The Large Magellanic Cloud
Hubble captures bubbles and baby stars
© NASA/ESA/J. M. Apellániz (Instituto de Astrofísica de Andalucía, Spain).
Close up, N11’s billowing pink clouds of glowing gas resemble a puffy swirl of fairground candyfloss. From further away, its distinctive overall shape led some observers to nickname it the Bean Nebula. The dramatic and colourful features in the nebula are the telltale signs of star birth.
N11 is a well-studied region that extends across 1000 light-years. It is the second largest star-forming region within the Large Magellanic Cloud and has produced some of the most massive stars known.
It is the process of star birth that gives N11 its distinctive look. Three successive generations of stars, each of which formed further away from the centre of the nebula than the last, have created shells of gas and dust. These shells were blown away from the newborn stars in the turmoil of their energetic birth and early life, creating the ring shapes so prominent in this image.
Beans are not the only terrestrial shapes to be found in this spectacular high-resolution image from Hubble. At upper left is the red bloom of nebula LHA 120-N 11A. Its roseate petals of gas and dust are illuminated from within, thanks to the radiation from the massive hot stars at its centre. N11A is relatively compact and dense and is the site of the most recent burst of star development in the region.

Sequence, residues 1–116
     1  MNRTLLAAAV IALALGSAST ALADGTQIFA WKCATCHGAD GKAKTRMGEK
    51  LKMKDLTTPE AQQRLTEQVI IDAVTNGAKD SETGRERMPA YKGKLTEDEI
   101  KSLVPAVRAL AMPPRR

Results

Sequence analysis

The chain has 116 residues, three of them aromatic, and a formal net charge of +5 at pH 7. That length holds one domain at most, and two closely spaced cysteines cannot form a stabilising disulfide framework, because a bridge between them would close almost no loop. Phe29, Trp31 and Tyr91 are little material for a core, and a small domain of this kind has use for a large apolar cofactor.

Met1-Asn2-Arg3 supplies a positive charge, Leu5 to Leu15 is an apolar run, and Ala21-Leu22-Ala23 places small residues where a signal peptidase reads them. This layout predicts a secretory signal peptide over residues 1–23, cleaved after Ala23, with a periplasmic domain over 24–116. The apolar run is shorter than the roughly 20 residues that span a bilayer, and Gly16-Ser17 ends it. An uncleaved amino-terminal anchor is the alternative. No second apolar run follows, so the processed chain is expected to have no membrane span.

Other star clusters abound in N11, including NGC 1761 at the bottom of the image – a group of massive hot young stars busily pouring out intense ultraviolet radiation into space.
Although it is much smaller than our own Galaxy, the Large Magellanic Cloud is a vigorous region of star formation. Studying these stellar nurseries helps astronomers to understand a lot more about how stars are born and their ultimate development and lifespan.
Both the Large Magellanic Cloud and its smaller companion, the Small Magellanic Cloud, are easily seen with the unaided eye and have always been familiar to people living in the southern hemisphere. The credit for bringing these galaxies to the attention of Europeans is usually given to Portuguese explorer Fernando de Magellan and his crew, who viewed it on their 1519 sea voyage. However, the Persian astronomer Abd Al-Rahman Al Sufi and the Italian explorer Amerigo Vespucci recorded the Large Magellanic Cloud even earlier, in 964 and 1503, respectively.
Source: ESA - European Space Agency